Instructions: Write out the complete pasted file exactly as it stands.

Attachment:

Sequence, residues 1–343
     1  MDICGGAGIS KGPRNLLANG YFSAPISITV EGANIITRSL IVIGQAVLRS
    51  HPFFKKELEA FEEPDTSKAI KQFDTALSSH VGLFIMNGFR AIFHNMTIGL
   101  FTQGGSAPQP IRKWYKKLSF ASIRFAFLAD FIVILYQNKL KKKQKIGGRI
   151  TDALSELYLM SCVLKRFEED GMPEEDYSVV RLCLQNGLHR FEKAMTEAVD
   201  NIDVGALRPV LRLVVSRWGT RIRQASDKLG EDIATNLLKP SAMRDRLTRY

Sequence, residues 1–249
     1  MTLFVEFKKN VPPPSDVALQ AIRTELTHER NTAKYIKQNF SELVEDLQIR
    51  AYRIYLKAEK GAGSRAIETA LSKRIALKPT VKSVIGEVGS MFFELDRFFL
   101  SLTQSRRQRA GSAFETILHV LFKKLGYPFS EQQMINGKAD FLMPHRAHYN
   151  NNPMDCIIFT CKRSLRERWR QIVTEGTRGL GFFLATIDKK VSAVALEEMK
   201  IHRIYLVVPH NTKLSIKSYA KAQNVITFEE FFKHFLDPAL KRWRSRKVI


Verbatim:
Sequence, residues 1–343
     1  MDICGGAGIS KGPRNLLANG YFSAPISITV EGANIITRSL IVIGQAVLRS
    51  HPFFKKELEA FEEPDTSKAI KQFDTALSSH VGLFIMNGFR AIFHNMTIGL
   101  FTQGGSAPQP IRKWYKKLSF ASIRFAFLAD FIVILYQNKL KKKQKIGGRI
   151  TDALSELYLM SCVLKRFEED GMPEEDYSVV RLCLQNGLHR FEKAMTEAVD
   201  NIDVGALRPV LRLVVSRWGT RIRQASDKLG EDIATNLLKP SAMRDRLTRY

Sequence, residues 1–249
     1  MTLFVEFKKN VPPPSDVALQ AIRTELTHER NTAKYIKQNF SELVEDLQIR
    51  AYRIYLKAEK GAGSRAIETA LSKRIALKPT VKSVIGEVGS MFFELDRFFL
   101  SLTQSRRQRA GSAFETILHV LFKKLGYPFS EQQMINGKAD FLMPHRAHYN
   151  NNPMDCIIFT CKRSLRERWR QIVTEGTRGL GFFLATIDKK VSAVALEEMK
   201  IHRIYLVVPH NTKLSIKSYA KAQNVITFEE FFKHFLDPAL KRWRSRKVI